Sheila Madden, CEO, Madden Coaching & Consulting

Nowhere do you get what you pay for more than with executive compensation.

This blog is Part 3 of my series on the 5 Steps To Ensure Executive Success.

If you want to set a room on fire with passionate debate, mention executive pay. Many people got their first purview into the world of executive pay during this economic crisis and were horrified at what they saw. The number one culprit? The convoluted relationship, or lack thereof, between pay, performance and accountability.

The Macro Issues:

Todd Gershkowitz, senior vice president of Farient Advisors, an executive compensation consulting firm, did a nice job in an article on which summarized the key areas that need to be considered when creating effective executive compensation plans.

  • Risk evaluation:
    Evaluating the relationship between compensation and excessive risk taking
  • Transparency:
    Taking steps to restore shareholder trust through transparency,
    demonstrated reasonableness and adherence to good governance guidelines
  • Alignment: Determining how to deliver demonstrable alignment between performance and pay, with a particular focus on the mix of pay, the choice of performance metrics and the goal-setting process around those metrics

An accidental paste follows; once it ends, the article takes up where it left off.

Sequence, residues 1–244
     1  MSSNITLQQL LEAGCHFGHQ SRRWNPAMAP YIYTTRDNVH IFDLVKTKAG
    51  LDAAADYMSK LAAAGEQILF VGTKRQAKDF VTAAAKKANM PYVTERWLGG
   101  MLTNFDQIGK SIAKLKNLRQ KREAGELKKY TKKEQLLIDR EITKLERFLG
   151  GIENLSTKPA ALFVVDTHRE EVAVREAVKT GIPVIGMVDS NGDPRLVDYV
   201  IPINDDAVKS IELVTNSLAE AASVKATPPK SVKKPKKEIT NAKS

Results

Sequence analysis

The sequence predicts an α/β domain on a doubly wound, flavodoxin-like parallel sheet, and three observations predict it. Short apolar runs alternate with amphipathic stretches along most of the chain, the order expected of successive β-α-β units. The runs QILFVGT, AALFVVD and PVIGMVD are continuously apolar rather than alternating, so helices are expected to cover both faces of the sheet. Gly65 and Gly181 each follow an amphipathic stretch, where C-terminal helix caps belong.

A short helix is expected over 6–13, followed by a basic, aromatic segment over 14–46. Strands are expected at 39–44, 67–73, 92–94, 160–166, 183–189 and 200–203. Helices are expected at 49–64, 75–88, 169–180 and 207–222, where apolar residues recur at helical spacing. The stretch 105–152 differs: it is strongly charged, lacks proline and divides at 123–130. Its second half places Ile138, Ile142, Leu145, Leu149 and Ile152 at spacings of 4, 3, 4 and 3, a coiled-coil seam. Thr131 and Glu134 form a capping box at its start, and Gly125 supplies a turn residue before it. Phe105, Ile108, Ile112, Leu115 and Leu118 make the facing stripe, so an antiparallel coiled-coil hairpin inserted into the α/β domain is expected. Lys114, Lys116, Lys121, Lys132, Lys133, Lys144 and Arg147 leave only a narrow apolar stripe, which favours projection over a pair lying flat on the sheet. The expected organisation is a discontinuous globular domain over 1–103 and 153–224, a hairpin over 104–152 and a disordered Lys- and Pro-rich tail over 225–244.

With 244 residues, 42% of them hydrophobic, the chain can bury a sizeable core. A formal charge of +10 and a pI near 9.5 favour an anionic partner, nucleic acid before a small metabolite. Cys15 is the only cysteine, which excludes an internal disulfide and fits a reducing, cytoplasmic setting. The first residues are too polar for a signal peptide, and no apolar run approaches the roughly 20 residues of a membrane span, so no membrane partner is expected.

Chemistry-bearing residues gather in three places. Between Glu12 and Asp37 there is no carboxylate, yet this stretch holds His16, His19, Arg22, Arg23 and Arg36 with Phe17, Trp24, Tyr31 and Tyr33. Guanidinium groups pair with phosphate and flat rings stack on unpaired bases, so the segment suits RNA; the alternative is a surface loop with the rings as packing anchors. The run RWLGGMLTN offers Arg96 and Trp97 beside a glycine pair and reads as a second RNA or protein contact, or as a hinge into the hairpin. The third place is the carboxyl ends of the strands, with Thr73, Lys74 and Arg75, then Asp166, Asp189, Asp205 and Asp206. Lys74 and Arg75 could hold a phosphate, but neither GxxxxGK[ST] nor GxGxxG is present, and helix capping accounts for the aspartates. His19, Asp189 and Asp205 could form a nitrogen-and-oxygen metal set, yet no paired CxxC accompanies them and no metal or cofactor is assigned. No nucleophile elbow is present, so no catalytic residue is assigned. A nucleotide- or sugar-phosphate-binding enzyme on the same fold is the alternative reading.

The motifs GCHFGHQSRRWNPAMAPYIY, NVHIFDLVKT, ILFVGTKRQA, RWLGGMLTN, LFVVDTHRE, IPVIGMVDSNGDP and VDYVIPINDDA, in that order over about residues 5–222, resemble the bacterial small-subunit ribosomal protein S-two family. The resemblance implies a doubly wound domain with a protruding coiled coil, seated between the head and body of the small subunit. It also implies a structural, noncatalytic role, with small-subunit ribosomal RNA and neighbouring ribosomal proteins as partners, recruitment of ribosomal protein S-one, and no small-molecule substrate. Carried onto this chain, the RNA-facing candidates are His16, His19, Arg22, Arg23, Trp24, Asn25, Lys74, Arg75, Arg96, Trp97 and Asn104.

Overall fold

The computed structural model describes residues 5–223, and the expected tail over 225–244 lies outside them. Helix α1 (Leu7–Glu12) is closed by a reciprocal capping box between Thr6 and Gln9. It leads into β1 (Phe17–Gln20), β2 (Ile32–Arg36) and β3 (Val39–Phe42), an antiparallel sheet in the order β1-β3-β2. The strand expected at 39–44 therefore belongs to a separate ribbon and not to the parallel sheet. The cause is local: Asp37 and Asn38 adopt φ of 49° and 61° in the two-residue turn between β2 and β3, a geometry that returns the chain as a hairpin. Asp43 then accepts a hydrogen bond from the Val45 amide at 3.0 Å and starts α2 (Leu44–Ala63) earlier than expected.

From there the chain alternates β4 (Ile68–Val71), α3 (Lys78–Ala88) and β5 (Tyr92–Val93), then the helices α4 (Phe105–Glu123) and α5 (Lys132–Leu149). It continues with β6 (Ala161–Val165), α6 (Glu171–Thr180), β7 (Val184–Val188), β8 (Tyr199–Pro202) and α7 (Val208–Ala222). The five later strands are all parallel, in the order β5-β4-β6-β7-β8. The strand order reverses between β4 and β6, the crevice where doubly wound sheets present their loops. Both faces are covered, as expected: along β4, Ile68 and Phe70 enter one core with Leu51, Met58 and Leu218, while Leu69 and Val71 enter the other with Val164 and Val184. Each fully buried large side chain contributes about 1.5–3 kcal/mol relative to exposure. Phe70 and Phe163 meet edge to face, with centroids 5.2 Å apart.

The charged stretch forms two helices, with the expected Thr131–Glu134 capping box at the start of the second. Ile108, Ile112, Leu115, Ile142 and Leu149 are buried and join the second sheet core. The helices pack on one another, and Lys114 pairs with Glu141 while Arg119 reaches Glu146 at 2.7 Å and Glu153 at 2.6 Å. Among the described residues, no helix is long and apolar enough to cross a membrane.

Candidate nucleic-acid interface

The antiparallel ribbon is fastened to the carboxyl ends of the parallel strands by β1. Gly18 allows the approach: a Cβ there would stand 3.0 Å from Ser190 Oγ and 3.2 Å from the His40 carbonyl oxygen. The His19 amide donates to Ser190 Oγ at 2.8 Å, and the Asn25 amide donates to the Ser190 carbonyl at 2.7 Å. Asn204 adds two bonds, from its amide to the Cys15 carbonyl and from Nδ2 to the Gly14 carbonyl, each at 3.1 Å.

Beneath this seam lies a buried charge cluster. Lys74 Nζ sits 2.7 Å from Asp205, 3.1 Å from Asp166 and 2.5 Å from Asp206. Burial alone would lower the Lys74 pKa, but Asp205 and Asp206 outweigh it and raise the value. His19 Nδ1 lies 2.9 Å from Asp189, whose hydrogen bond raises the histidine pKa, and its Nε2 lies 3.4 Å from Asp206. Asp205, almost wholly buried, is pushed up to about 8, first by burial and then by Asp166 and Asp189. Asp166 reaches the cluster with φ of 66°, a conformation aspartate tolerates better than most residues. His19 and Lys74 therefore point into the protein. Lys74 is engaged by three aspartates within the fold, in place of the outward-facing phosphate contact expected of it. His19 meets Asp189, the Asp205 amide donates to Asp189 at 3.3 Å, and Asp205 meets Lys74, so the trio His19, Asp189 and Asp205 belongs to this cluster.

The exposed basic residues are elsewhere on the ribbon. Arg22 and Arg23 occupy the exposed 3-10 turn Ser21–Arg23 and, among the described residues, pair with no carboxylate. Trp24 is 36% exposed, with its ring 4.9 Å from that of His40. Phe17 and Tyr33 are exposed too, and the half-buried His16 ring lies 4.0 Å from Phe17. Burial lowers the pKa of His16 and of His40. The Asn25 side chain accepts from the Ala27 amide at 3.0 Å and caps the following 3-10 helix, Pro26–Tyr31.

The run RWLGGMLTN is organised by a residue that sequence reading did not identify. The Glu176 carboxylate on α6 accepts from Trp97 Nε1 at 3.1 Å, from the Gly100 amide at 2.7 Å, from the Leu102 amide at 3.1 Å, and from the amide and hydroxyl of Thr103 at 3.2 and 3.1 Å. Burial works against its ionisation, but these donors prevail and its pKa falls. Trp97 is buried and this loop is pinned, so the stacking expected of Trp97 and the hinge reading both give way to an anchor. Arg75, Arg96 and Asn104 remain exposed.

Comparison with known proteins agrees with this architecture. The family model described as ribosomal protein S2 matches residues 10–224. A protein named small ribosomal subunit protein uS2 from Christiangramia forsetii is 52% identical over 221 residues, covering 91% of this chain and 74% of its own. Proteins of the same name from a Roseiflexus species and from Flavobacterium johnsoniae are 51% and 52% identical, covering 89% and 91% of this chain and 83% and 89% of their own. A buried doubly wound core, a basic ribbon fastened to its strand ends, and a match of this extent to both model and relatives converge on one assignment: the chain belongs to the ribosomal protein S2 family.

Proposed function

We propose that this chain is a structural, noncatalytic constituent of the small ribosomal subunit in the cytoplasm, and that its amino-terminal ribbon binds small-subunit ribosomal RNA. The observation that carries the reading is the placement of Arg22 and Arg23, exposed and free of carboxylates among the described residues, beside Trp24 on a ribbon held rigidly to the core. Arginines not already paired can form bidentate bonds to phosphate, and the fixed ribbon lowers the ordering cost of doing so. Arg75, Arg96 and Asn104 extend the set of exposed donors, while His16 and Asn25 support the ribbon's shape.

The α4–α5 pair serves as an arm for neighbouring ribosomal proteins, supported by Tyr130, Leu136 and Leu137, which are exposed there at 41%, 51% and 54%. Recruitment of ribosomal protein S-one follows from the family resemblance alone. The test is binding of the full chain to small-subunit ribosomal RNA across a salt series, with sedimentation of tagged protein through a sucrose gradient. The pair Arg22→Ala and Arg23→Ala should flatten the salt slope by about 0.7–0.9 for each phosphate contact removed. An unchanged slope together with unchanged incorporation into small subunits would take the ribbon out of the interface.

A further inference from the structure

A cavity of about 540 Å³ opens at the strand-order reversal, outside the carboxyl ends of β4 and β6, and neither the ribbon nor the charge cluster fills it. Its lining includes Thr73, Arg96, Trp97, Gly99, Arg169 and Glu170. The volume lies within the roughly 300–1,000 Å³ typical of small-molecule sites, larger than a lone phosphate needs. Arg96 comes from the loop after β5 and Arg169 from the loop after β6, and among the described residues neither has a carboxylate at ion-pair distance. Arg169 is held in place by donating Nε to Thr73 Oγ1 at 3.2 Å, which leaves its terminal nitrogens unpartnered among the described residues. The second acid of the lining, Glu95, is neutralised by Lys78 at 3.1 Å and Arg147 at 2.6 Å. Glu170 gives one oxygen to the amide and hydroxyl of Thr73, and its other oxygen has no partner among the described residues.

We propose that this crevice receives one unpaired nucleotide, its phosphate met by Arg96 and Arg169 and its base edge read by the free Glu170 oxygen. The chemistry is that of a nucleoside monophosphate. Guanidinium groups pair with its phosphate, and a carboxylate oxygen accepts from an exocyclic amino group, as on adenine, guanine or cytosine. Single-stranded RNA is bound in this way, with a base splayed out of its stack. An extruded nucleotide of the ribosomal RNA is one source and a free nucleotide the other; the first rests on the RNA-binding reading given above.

• Incentives:
    Redesigning long-term incentive programs, given shifting perceptions of the
    value of equity (stock options in particular)
  • Communication: Engaging in more proactive, direct, open and two-way communication with shareholders about compensation philosophy and plan design

The Micro Issues As They Pertain To Executive Success and Blog #3:

I am not an executive compensation expert so this is not about the technical mechanics of all the factors that go into creating compensation plans. Rather, it is focused on how to ensure the alignment between the plan and the outcomes to drive executive accountability and success. It starts and ends with the basics.

  • Have a written set of specific goals with deliverable dates and the metrics that will be used to assess them. This should include financial deliverables (revenue, expenses, cash etc…) as well as operational deliverables.
  • Make sure LEADERSHIP, the “how things get done”, is included in the goals in addition to the specific “what needs to get done”. Executive performance failures result primarily from lack of emotional intelligence, not technical competence. If you want to have a highly engaged and innovative workforce and be able to compete for the best talent, make sure that your operational goals include leadership expectations and specific goals.
  • Weight the goals in terms of priority for the time period defined. This should clearly communicate what is most important and where/how the executive should be focusing her/his time and resources. It may also change depending on the opportunities or challenges the organization is facing.
  • Assign financial remuneration (cash, stock etc) by category.  Whatever reward is being used, indicate the specific target and stretch opportunities within each category.
  • Review the plan to make sure that you are focusing, incentivizing, aligning and rewarding the deliverables that will create business value and individual success. 
  • Cascade the goals, with the same respective weighting and financial remuneration, throughout the organization. This will insure alignment of all resources (talent, capital, equipment, R & D etc…) to the agreed upon deliverables.

Next blog: How Coaching Accelerates Executive Success

2010 Copyright, Sheila Madden. All Rights Reserved.